Jump to ContentJump to Main Navigation
Property and the Law in Energy and Natural Resources$
Users without a subscription are not able to see the full content.

Aileen McHarg, Barry Barton, Adrian Bradbrook, and Lee Godden

Print publication date: 2010

Print ISBN-13: 9780199579853

Published to Oxford Scholarship Online: May 2010

DOI: 10.1093/acprof:oso/9780199579853.001.0001

Show Summary Details
Page of

PRINTED FROM OXFORD SCHOLARSHIP ONLINE (www.oxfordscholarship.com). (c) Copyright Oxford University Press, 2019. All Rights Reserved. Under the terms of the licence agreement, an individual user may print out a PDF of a single chapter of a monograph in OSO for personal use (for details see www.oxfordscholarship.com/page/privacy-policy).date: 22 March 2019

Eminent Domain and Regulatory Changes

Eminent Domain and Regulatory Changes

Chapter:
(p.281) 15 Eminent Domain and Regulatory Changes
Source:
Property and the Law in Energy and Natural Resources
Author(s):

Luis Erize

Publisher:
Oxford University Press
DOI:10.1093/acprof:oso/9780199579853.003.0015

The concept of eminent domain is defined more as an emanation of public powers than as an outright property right, referring thus to the authority of the Sovereign to legislate and to set forth rules applicable to the private parties. The two main issues that appear constantly in this sector are: (i) the Sovereign rights and authority over underground natural resources (eminent domain) versus the acquired rights (and thus, property rights) by holders of title to exploit such resources (with respect to reserves, as well as to the hydrocarbons produced); and (ii) the limits to regulatory powers, especially facing what is now being invoked as a state of necessity, whether as an exception to international law standards' enforcement or as a modification of the latter. The nature of the eminent domain is affirmed in Argentina's Hydrocarbons Law and in its Constitution, which refers to it as dominio originario in the new section 124. This chapter analyses the past, present and future of Argentine regulations in the light of the dialectic interplay between state intervention policies and private business initiative. It also describes the new scenarios resulting from these changes.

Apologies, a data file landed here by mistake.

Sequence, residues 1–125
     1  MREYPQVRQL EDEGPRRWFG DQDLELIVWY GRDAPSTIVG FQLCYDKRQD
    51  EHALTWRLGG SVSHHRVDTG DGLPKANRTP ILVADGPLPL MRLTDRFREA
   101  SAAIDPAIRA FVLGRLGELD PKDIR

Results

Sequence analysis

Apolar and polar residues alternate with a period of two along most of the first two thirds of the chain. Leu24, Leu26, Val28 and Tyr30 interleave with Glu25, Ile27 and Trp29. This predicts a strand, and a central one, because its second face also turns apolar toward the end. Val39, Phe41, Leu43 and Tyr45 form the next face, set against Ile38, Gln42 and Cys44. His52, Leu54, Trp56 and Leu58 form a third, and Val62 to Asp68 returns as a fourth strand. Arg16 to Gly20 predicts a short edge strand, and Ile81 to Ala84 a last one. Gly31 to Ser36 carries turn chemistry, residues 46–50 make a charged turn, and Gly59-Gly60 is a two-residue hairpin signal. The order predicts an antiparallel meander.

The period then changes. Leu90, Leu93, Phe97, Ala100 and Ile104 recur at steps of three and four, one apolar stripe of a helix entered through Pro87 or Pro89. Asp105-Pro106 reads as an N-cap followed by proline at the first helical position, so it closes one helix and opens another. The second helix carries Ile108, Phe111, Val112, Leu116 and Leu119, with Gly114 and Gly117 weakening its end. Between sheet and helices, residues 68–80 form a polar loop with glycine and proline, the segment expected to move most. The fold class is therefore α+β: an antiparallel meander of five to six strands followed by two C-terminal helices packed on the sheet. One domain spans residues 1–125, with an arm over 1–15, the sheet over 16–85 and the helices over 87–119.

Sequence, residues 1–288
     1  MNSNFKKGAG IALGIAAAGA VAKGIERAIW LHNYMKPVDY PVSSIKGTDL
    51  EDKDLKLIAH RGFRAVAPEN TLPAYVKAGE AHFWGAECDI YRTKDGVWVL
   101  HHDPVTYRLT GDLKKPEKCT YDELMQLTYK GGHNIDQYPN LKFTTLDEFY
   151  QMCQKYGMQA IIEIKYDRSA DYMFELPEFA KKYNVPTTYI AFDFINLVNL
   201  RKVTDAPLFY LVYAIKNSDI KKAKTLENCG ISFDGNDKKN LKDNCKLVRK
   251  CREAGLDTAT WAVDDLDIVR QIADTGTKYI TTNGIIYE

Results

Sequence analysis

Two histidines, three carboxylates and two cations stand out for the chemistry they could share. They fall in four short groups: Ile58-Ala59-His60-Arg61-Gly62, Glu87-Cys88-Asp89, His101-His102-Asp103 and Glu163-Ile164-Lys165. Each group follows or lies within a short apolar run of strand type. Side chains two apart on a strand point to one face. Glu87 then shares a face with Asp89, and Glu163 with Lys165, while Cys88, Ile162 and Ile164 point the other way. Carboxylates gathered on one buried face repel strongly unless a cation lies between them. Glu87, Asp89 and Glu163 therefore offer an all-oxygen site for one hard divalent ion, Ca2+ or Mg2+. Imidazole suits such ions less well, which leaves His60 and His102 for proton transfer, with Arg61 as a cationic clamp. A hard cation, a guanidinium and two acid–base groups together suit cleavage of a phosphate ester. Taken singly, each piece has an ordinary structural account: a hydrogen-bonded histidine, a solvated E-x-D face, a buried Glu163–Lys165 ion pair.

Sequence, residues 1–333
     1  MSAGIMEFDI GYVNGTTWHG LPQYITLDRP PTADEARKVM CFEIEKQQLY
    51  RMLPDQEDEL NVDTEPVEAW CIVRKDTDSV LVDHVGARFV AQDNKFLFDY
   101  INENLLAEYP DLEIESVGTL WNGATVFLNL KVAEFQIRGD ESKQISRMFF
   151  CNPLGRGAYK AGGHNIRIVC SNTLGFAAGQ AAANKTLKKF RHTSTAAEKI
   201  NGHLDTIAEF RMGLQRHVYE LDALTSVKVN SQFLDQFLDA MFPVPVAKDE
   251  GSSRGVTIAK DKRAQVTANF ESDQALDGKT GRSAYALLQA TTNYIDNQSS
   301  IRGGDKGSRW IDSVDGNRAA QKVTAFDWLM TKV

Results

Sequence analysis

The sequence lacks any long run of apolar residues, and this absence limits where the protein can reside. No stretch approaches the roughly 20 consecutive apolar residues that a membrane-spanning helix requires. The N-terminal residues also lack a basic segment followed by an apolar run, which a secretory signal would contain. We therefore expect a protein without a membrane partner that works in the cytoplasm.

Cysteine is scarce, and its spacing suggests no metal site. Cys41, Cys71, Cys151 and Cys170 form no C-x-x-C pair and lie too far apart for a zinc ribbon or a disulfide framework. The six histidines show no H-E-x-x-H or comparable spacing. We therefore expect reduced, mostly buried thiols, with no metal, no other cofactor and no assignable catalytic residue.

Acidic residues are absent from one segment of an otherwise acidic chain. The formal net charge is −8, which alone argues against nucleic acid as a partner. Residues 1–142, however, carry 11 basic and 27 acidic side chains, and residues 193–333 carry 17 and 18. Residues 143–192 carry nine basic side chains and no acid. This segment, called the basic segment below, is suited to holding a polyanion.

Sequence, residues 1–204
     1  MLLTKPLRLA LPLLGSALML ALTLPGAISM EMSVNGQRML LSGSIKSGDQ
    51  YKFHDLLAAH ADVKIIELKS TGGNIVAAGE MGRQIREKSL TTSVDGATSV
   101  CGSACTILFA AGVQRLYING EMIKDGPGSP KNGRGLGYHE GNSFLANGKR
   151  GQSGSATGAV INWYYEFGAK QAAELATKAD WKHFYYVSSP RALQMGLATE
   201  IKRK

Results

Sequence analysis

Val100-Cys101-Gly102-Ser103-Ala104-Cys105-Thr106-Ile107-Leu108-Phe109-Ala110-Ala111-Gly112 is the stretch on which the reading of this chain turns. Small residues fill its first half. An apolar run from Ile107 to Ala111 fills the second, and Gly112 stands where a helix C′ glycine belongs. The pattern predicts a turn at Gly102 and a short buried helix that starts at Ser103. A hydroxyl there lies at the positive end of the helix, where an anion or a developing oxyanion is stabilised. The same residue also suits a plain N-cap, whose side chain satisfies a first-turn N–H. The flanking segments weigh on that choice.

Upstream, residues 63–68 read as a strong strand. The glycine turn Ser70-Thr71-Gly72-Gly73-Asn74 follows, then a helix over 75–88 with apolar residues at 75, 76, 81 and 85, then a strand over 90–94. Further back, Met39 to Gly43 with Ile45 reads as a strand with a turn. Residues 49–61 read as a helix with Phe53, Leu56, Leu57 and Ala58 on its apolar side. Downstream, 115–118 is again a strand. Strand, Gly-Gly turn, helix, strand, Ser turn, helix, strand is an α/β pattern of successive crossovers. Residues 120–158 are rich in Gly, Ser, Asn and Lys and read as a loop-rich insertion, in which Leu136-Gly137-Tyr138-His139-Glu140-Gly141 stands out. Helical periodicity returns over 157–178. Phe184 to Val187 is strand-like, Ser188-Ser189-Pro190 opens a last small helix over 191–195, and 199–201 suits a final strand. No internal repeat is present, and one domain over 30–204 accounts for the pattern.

Keywords:   property ownership, natural resources, property law, Argentina, petroleum resources

Oxford Scholarship Online requires a subscription or purchase to access the full text of books within the service. Public users can however freely search the site and view the abstracts and keywords for each book and chapter.

Please, subscribe or login to access full text content.

If you think you should have access to this title, please contact your librarian.

To troubleshoot, please check our FAQs , and if you can't find the answer there, please contact us .